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May 19, 2020

What if CT businesses reopen prematurely?

May 20 marks a milestone on Connecticut’s commercial landscape. That’s the day some businesses begin to awaken from their long and painful coronavirus-induced shutdown that began the second week of March. Offices and retailers and restaurants (for outdoor dining only) may open to the public Wednesday, but hair salons and barbershops had the plug pulled on them at the last minute Monday when Gov. Ned Lamont changed his mind and postponed their reopening another 12 days, until June 1.

Even as the COVID threat has abated in much of the state, the shutdown continues for at least another month for most other Connecticut businesses. That is, if business owners elect to comply with the moving target of executive orders from Hartford. Around the country an increasing number of business owners have rebelled against what many regard as capricious closing orders and arbitrary enforcement.

Beyond Connecticut a growing number of small-business owners at the end of their financial ropes have reopened in violation of local and state executive orders — and in many cases provoked heavy-handed retaliation from public officials. In Bellmawr, N.J. owners of the Atilis Gym drew the ire of Gov. Phil Murphy by reopening on Monday in defiance of the Garden State shutdown. In Dallas, salon owner Shelley Luther was jailed for defying a judge’s order — and became a national cause célèbre (she was freed after a day behind bars).

You’re unlikely to see tear gas and SWAT teams in the City of Elms. In contrast to the draconian enforcement tactics employed by some governors and mayors elsewhere, New Haven Mayor Justin Elicker promises a kinder, gentler approach to enforcing continued business closings in his city.

“Typically the way the enforcement piece works is a collaboration between the health department and the police department,” explained city Public Health Director Maritza Bond.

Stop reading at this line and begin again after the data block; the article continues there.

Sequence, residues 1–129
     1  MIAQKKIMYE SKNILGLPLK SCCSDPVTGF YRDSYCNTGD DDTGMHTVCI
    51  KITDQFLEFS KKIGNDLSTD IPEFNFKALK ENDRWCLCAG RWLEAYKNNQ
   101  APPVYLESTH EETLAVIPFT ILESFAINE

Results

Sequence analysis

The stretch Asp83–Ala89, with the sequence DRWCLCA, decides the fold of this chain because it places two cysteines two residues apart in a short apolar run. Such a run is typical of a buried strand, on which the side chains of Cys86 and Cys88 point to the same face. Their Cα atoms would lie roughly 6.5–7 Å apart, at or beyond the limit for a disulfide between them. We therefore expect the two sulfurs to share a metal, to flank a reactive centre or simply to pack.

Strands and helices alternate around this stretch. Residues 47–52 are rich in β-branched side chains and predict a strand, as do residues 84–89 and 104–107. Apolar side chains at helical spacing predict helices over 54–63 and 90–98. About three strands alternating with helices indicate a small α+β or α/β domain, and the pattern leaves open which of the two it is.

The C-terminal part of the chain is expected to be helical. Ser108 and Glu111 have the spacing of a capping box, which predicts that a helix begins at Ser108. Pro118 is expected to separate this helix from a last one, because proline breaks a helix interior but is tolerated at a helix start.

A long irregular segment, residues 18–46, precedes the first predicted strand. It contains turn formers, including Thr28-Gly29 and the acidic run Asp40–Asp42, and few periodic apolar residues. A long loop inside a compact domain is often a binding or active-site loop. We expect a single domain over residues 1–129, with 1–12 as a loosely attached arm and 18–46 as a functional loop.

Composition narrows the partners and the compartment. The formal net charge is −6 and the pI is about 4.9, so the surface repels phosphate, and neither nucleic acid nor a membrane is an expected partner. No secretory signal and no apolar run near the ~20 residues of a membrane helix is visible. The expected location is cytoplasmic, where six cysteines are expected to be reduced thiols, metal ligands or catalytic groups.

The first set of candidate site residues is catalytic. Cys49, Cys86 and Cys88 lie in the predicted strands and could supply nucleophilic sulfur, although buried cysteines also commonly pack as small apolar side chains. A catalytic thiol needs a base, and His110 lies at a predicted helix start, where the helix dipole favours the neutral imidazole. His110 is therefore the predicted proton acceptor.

The first step in dealing with a business that reopens in violation of the governor’s executive orders would be a visit from a police officer to remind the owner that he or she is in violation of the guidelines and should close doors to the public.

Statewide, Lamont’s executive order has made municipal health directors the first line of defense against non-compliant businesses, giving them the power to order scofflaw merchants, restaurateurs and service businesses closed.

In the Elm City you’re unlikely to see German shepherds or fire hoses deployed to disperse consumers engaged in illegal commerce. So far, at least, most city businesses have played by the rules — and gentle persuasion on the part of city officials has carried the day.

“To date we’ve been very reluctant to do anything other than talk with [business] people about how they should be following the mask and social-distancing guidelines and not gathering in large groups,” said Elicker. “If this becomes more of a problem — and we anticipate there will be some growing pains as far as opening up goes — we’ll revisit that [approach].

“We would very much prefer, and think [the reopening] is going to be more successful, if businesses do their best to cooperate,” the mayor added, “and if we can interact with businesses in a positive way to make sure that we’re keeping residents safe, rather than some police enforcement that we prefer to avoid.”

As of Monday afternoon the city had received some 100 applications from restaurants seeking to offer outdoor dining to patrons beginning on Wednesday. Before they can open their doors restaurants must pass an inspection by the city’s health department. Bond said those inspections would begin on Wednesday, so some eateries will likely have to wait to reopen.

Elicker has recommended to business owners who plan to reopen this week to have their employees tested for COVID. The city has partnered with Murphy Medical Associates of Greenwich to offer free walk-up testing to anyone at an outdoor site set up at Day Street Park (at the intersection of Chapel Street) that opened April 28. Those without health insurance may be tested at no cost. The Day Street test site is open 8 a.m. to 4 p.m. weekdays. Call the health department at 203-946-4949 for an appointment.

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